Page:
Obligate Anaerobes: Definition & Examples

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  • 0:01 What Are Obligate Anaerobes?
  • 1:44 Obligate Anaerobe Metabolism
  • 3:21 Examples of Obligate…
  • 5:16 Lesson Summary
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Lesson Transcript
Instructor: Julie Zundel

Julie has taught high school Zoology, Biology, Physical Science and Chem Tech. She has a Bachelor of Science in Biology and a Master of Education.

Oxygen is everywhere...or is it? This lesson will explore some organisms that can die if they are exposed to oxygen - the obligate anaerobes. In addition, it will discuss the different types of metabolisms obligate anaerobes.

What Are Obligate Anaerobes?

You're cleaning your garage when 'ouch!' you step on something. You check your foot and there is a deep puncture wound, so you get a band-aid and continue on with your cleaning. What you don't know is that bacteria, called Clostridium tetani, entered your foot and caused tetanus. These bacteria can be found in animal poop, dust, soils and whatever object you just stepped on. As this bacteria grows inside of you, it produces a powerful toxin that will eventually cause spasms, difficulty swallowing, and if you're really unlucky, respiratory failure and death.

Organisms, like Clostridium tetani, are tiny, fascinating critters that can die if they are exposed to oxygen. You might be thinking, oxygen is everywhere, how in the world can anyone live without oxygen?!.

In addition to the bacteria that causes tetanus, there are many species of obligate anaerobes, or organisms that survive in habitats without oxygen. These organisms are harmed or even killed when exposed to oxygen. Many obligate anaerobes avoid oxygen altogether by living in oxygen-free habitats, such as in the guts of animals, under deep-sea volcanoes, or deep in the mud. When oxygen exposure is unavoidable, some obligate anaerobes can produce a dormant structure called an endospore.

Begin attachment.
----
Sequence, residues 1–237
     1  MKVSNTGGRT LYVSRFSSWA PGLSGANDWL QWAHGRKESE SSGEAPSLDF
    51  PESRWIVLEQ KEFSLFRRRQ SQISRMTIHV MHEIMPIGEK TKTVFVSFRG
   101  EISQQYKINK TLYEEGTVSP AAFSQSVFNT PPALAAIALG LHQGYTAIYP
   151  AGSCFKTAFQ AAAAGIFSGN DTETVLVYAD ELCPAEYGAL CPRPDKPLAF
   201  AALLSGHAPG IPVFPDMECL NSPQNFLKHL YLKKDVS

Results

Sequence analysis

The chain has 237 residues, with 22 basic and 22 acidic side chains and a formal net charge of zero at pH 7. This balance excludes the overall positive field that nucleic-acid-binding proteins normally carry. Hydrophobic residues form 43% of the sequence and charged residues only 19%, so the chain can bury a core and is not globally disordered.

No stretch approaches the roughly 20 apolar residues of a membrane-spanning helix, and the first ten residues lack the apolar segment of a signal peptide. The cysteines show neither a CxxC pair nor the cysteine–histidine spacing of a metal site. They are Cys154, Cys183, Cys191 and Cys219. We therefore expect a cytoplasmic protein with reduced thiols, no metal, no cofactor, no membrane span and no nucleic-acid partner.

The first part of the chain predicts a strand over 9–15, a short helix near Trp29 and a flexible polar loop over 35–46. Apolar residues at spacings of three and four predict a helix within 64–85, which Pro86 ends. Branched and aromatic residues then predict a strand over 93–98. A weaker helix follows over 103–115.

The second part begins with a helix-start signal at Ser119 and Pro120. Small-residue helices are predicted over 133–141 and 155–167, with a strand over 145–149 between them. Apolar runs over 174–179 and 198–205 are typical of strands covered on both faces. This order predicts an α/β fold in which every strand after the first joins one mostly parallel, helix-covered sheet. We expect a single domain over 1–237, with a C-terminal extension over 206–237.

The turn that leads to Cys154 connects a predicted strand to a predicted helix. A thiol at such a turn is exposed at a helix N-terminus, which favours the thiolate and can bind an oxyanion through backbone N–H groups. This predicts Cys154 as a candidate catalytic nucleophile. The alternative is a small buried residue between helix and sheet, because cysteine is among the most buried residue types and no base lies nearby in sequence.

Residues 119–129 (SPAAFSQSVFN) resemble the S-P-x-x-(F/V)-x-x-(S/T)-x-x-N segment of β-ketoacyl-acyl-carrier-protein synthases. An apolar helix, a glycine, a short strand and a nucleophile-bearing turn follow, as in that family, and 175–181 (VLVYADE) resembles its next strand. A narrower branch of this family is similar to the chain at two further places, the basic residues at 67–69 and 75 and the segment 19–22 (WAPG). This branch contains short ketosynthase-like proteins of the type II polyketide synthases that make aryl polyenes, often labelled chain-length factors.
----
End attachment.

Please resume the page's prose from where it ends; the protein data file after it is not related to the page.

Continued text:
For example, the bacterium that causes tetanus produces an endospore when exposed to oxygen. This tough structure contains the bacteria's DNA. When the endospore ends up in an oxygen-free habitat (like the deep puncture wound on your foot), it germinates and the bacteria's DNA becomes active again. The word 'obligate' means 'restricted to,' and anaerobe is Greek and translates into 'living without air.' Not all obligate anaerobes cause disease; in fact, some are quite helpful!

Obligate Anaerobe Metabolism

Before we delve into examples, let's quickly go over how these obligate anaerobes eat. Most organisms you think of require oxygen for some part of their metabolism, or the chemical reactions that occur inside of living organisms. For example, when you breathe oxygen or eat food (some sort of carbon-containing substance), chemical reactions take place in your body, transforming the oxygen and food into energy. This energy powers everything you do, from watching this lesson to walking to the store.

Since oxygen is toxic to obligate anaerobes, they have to find another way to fuel their metabolism. Let's take a look at some different methods.

  • Anaerobic respiration is when an organism obtains energy from food without using oxygen. Using oxygen is far more efficient, but since it would kill an obligate anaerobe, it is out of the question.
  • Fermentation also does not use oxygen and is another way obligate anaerobes can break down carbon-containing compounds and create energy.
  • Methanogensis occurs when the organism consumes a carbon-containing molecule and produces methane gas as a byproduct. This is seen in methanogens (but we'll get to that later).
  • Anaerobic photosynthesis is when photosynthesis occurs without oxygen. Normally photosynthesis combines water, carbon dioxide and light, transforming them into oxygen and sugars. In anaerobic photosynthesis, oxygen is not produced.

These methods of metabolism are very complicated. For this lesson, you just need to understand that there are several ways obligate anaerobes can get energy without using oxygen. Let's take a closer look at some of specific examples of obligate anaerobes that each use some of the metabolisms listed above.

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